No, international students cannot fill out the FAFSA form. Federal financial aid is limited to US citizens and permanent non-citizens, as mentioned above.

My parents probably earn too much money. Is filling out the FAFSA a waste of time?

There is no set income limit to qualify for financial aid via FAFSA. The only way to find out if you are eligible for assistance is to apply. You might be surprised. Millions of dollars are left unclaimed each year, so don’t miss out because you assume you won’t be eligible. 

An important point to note is that filling out the FAFSA goes beyond federal assistance. Many states and colleges utilize your FAFSA to determine your eligibility for their scholarships, grants, work-study programs, and merit awards. So, completing the FAFSA can open up a range of opportunities for additional financial support beyond the federal level.

Types of financial aid you can get through FAFSA

The financial aid office at your college or school will determine how much financial aid you are eligible to receive.

Types of Federal Financial Aid: Need based and Non-Need Based

Based on your financial need and eligibility, there are two broad categories of federal financial aid: “need-based” and “non-need-based”. Each category is further divided into loans, grants, and work-study arrangements.

  • Grant is a type of financial aid that you generally do not need to repay.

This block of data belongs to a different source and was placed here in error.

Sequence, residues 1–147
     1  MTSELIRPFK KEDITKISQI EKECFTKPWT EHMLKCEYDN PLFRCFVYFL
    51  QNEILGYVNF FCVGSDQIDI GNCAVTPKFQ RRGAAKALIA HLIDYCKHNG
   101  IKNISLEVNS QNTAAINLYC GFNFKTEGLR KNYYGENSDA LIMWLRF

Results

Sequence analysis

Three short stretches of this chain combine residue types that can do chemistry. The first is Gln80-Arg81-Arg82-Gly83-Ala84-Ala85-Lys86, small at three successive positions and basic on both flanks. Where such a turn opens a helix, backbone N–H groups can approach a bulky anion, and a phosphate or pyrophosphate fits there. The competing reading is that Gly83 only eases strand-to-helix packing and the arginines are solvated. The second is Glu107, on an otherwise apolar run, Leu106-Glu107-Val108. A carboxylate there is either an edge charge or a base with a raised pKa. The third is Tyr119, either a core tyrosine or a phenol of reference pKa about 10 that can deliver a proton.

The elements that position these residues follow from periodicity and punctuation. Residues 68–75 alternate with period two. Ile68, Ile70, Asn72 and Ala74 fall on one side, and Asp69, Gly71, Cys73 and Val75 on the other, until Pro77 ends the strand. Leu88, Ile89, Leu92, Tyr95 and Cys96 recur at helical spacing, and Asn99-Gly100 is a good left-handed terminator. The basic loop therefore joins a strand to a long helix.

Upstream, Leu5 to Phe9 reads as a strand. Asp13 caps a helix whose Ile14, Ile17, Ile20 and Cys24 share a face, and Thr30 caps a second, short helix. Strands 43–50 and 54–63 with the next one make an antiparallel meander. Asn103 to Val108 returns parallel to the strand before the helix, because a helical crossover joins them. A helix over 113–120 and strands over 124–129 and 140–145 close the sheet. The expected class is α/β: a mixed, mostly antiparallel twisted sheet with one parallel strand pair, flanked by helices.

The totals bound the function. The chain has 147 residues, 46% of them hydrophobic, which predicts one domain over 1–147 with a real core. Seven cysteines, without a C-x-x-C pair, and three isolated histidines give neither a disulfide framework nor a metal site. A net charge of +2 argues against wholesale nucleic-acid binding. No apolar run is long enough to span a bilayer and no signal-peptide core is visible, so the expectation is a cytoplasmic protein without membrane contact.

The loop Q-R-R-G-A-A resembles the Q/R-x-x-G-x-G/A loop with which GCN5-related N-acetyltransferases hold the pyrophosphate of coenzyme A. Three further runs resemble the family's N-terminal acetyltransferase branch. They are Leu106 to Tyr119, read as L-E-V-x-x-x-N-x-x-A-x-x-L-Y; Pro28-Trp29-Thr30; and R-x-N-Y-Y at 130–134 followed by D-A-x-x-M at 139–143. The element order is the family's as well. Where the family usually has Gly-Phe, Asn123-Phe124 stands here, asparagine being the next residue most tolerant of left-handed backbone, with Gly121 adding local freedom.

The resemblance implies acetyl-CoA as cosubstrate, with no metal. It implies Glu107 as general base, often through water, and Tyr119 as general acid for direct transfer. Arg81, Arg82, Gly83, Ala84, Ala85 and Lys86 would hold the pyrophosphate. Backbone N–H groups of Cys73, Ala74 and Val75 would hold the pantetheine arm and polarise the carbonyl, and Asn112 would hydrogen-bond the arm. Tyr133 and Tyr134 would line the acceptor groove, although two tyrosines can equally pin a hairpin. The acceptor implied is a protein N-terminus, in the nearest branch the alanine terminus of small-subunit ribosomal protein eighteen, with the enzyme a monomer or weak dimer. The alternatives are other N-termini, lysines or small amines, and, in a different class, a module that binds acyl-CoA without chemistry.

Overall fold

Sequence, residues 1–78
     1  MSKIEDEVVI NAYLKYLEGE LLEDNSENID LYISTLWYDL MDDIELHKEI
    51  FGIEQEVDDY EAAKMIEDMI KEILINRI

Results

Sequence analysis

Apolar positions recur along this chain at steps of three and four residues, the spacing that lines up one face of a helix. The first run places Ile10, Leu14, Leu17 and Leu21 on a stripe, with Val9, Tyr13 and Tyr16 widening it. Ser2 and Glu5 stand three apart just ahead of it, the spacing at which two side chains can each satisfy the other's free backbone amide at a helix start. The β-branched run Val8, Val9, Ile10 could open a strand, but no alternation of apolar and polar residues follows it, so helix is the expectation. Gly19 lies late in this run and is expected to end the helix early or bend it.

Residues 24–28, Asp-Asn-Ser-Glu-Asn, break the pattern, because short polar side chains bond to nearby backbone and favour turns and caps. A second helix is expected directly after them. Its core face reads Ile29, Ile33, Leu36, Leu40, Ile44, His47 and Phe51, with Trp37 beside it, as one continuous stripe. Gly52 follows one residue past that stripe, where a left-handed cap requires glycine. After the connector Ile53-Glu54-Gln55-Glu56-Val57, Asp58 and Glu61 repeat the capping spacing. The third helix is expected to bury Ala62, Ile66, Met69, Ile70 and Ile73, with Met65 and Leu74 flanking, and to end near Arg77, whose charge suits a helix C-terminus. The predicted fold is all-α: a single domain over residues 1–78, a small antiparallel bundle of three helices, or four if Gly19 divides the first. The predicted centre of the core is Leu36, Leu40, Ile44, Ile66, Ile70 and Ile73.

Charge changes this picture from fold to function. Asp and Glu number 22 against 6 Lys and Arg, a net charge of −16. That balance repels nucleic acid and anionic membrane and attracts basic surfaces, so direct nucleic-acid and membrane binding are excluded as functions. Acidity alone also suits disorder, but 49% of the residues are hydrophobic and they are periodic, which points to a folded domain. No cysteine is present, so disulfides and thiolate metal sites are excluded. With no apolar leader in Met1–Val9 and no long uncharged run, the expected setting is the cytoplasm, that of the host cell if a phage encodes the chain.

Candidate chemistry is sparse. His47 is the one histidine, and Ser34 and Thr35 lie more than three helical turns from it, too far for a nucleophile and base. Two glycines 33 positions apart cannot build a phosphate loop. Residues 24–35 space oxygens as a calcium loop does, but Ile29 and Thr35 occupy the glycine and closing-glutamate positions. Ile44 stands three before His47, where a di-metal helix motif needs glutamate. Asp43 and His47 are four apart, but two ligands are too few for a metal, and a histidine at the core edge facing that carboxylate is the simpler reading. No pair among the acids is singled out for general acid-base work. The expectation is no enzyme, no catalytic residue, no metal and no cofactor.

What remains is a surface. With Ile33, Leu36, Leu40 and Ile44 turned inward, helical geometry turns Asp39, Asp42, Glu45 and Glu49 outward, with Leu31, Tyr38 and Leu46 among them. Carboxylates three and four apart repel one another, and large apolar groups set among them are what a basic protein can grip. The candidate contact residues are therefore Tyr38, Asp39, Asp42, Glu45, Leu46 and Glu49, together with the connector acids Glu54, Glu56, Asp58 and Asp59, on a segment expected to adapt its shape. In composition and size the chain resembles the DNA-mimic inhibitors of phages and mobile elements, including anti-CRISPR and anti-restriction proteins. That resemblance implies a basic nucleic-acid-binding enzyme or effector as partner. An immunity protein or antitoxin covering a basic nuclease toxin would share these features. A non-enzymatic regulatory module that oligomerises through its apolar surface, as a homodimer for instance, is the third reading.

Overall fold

• A loan is an amount that you borrow for college and repay with interest. Depending on your financial aid eligibility, your loan interest rate can be subsidized or unsubsidized.
  • Work-Study is a federal work program through which you can earn money to pay for school. 

How to Fill Out FAFSA?

The steps listed below will help you fill out your FAFSA form. But before that, let’s go through the checklist of documents you’ll need:

FAFSA Checklist

Your Social Security number (SSN)

Alien Registration number if you’re an eligible noncitizen

Your driver’s license (if any)

Documentation showing that you are a U.S. permanent resident or other eligible noncitizen

Federal income tax returns, W-2 forms, and other financial records from the previous two years to demonstrate your or your parents’ income

Any untaxed income, taxable earnings from work-study programs, and records of grants, scholarships, and fellowship aid

IRS Form 1040, foreign tax return, or tax return from U.S. territories

Any untaxed income records (payments to tax deferred pension and savings plans, tax exempt interest, child support) for two years prior

Records of taxable earnings from Federal Work-Study or other need-based work programs

Records of any grants, scholarships, and fellowship aid that was included in your or your parents’ adjusted gross income (AGI)

Any current bank statements, current business and investment mortgage information, business and farm records, stock, bonds and other investment records

Step 1: Create an FSA ID

Once you have the documents ready, you should create your personal Federal Student Aid ID. This ID will allow you to fill out the form online and access information about your financial aid in the future. Remember to keep a record of your FSA ID. You will need it to renew your FAFSA application every year.

Your FSA ID is your personal legal signature. Students and parents MUST keep their FSA IDs separate.

Step 2: Fill out the FAFSA form

Right after creating your FSA ID, you will be able to fill out your FAFSA application form. But before you do that, there are a few things to keep in mind:

  1. Aid is considered on first-come first-served basis, provided you meet other eligibility criteria listed above
  2. Find out your dependency status